Gary Ross Passes on Directing ‘Hunger Games’ Sequel, ‘Catching Fire’? [UPDATED]

Published 2 years ago by , Updated February 15th, 2014 at 8:48 pm,

[Update: It's now official and Gary Ross won't be back for the sequel. Read on...]

It came as somewhat of a surprise when, earlier this week, word leaked out that Hunger Games co-writer/director Gary Ross had not yet been locked down for the sequel, Catching Fire – not only because of the widespread positive response to (and massive box office returns for) the first HG movie adaptation, but also because Ross had already begun to discuss his tentative plans for shooting the followup.

Reports are now in that Ross has selected to not be involved with Catching Fire after all. That puts Lionsgate in somewhat of a precarious position, as the studio wants production on the sequel to get underway by this upcoming September – meaning that the search for a replacement helmer will have to be a relatively quick one.

The Playlist says that Ross’ decision to pass on Catching Fire stems from a desire to press ahead with a different, original project that he’s more passionate about – one which, ironically, is expected to snag him a bigger payday than what Ross might’ve fetched for directing the second Hunger Games flick. Still, by all accounts, money was not the primary motivating factor for Ross’ departure.

[UPDATE: Deadline's is reporting that Ross has not yet "formally withdrawn" from Catching Fire. The filmmaker is currently on vacation, so there presumably won't be an official confirmation either way until he returns to work.]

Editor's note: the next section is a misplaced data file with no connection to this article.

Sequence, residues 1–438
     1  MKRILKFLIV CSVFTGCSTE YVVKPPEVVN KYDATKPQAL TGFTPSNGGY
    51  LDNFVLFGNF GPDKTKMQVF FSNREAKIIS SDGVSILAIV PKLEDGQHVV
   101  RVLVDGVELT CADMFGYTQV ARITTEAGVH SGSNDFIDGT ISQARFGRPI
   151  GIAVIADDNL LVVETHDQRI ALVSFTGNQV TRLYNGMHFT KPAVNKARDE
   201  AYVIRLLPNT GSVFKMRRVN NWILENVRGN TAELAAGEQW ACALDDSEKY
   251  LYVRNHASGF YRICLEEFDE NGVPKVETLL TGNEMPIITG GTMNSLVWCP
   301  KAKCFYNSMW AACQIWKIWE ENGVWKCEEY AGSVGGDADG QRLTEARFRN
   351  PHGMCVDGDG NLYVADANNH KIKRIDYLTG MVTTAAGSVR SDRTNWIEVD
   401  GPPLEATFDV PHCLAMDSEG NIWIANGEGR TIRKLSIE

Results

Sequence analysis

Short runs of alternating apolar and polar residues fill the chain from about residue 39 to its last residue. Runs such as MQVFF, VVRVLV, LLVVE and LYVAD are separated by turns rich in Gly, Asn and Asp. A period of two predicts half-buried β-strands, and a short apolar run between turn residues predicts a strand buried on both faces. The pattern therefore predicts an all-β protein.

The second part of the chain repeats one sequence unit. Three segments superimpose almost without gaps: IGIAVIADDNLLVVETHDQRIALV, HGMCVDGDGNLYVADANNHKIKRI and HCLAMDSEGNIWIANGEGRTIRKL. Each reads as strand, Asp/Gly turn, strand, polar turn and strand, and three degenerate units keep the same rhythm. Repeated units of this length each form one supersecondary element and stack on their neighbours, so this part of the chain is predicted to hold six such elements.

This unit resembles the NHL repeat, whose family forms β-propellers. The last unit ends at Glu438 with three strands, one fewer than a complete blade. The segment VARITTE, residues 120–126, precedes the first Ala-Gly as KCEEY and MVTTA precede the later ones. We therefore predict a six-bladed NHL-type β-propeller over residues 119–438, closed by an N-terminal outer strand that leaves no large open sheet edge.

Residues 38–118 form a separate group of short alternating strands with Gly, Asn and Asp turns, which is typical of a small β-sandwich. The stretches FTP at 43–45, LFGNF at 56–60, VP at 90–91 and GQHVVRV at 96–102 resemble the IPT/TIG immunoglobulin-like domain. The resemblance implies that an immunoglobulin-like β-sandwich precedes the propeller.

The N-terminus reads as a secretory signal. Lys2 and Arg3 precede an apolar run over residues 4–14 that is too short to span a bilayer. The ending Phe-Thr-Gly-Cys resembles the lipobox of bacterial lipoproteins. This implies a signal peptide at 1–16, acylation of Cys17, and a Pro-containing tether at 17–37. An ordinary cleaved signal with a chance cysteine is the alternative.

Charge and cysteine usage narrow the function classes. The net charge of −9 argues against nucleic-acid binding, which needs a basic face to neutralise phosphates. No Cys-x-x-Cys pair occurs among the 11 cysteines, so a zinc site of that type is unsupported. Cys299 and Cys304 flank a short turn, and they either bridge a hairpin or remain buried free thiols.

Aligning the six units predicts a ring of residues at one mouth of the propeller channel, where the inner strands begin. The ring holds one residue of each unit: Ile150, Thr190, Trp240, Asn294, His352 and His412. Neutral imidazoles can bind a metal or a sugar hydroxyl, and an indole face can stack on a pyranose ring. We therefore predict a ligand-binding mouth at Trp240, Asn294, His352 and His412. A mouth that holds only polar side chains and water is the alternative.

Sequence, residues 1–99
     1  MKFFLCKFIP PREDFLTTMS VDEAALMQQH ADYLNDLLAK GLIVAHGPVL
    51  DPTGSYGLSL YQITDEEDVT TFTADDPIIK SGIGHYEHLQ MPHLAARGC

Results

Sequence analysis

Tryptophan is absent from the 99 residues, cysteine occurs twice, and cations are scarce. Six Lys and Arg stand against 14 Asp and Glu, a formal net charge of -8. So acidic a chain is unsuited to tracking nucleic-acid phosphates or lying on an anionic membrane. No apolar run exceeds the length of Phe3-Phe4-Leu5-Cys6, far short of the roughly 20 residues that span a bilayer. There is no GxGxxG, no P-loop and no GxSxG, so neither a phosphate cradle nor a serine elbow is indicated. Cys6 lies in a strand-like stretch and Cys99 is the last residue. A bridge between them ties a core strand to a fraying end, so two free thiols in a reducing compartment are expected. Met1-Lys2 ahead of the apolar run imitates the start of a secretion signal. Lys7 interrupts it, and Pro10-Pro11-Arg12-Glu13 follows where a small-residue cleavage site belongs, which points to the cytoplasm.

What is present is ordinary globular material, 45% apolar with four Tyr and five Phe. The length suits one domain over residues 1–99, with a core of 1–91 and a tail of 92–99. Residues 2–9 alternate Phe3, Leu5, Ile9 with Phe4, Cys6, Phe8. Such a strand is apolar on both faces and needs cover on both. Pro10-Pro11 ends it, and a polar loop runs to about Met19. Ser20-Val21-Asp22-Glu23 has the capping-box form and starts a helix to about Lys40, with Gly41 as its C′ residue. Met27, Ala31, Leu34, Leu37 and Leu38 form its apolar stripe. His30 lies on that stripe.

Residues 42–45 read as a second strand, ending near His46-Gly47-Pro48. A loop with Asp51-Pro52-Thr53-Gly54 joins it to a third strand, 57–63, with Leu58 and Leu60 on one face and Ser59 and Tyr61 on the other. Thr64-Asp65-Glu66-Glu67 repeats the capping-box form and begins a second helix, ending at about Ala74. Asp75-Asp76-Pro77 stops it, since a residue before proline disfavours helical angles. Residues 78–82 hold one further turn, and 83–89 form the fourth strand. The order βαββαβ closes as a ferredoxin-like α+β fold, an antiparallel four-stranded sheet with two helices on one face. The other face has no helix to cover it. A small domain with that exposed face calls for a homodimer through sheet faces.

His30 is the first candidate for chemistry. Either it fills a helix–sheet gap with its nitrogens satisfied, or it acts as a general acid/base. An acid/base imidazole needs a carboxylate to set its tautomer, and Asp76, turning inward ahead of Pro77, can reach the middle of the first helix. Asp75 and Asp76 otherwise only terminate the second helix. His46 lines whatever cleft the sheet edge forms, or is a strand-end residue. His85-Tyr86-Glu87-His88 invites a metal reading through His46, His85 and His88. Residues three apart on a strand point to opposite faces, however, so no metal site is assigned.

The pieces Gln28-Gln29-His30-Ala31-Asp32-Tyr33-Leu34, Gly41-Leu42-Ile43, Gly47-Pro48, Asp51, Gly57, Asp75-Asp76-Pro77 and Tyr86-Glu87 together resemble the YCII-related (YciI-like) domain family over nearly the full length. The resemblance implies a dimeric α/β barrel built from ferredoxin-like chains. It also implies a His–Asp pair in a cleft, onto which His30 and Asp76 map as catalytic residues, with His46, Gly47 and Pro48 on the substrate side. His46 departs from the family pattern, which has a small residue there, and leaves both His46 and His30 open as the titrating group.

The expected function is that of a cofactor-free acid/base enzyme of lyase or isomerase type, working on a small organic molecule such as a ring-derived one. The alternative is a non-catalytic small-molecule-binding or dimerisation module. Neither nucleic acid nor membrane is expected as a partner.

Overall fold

[UPDATE 2: Ross is officially not directing Catching Fire.]

Truth be told, Lionsgate had already taken precautions for an event like this. The studio recruited Oscar-winning screenwriter Simon Beaufoy (of Slumdog Millionaire and 127 Hours fame) to start working on the Catching Fire script, back when Ross was still busy working the promotional circuit for Hunger Games. Hence, the ball’s already off and rolling on this tentpole production.

Couple that with Fox’s newly announced 2013 start date for filming on X-Men: First Class 2 - which will free up Jennifer Lawrence to reprise her role as Katniss Everdeen in Catching Fire this fall – and (for now) it doesn’t appear that Ross leaving the Hunger Games sequel will trip up the film too much on its way down the production pipeline.

catching fire simon beaufoy Gary Ross Passes on Directing Hunger Games Sequel, Catching Fire? [UPDATED]

Fan reaction to the news concerning Ross’ vacating the director’s chair on Catching Fire will probably be somewhat mixed, as far the immediate response goes. On the one hand, most people seem to agree that he did an admirable job of translating Suzanne Collins’ popular dystopian sci-fi thriller into cinematic form; on the other hand, some of Ross’ stylistic choices with Hunger Games (specifically, the disorienting shaky cam/editing approach) left many viewers feeling disgruntled.

That said: a directorial switch-up can be very tricky when it comes to franchise fare – especially when studios trade in a respectable filmmaker who leaves a recognizable artistic fingerprint on the series (see: David Slade with The Twilight Saga: Eclipse or Bryan Singer with X2) for someone who delivers more of a generic take on the property (see: Bill Condon with Breaking Dawn or Brett Ratner with X-Men: The Last Stand). Suffice it to say, Lionsgate is gambling that it can avoid making a similar mistake with the Hunger Games franchise, by letting Ross go.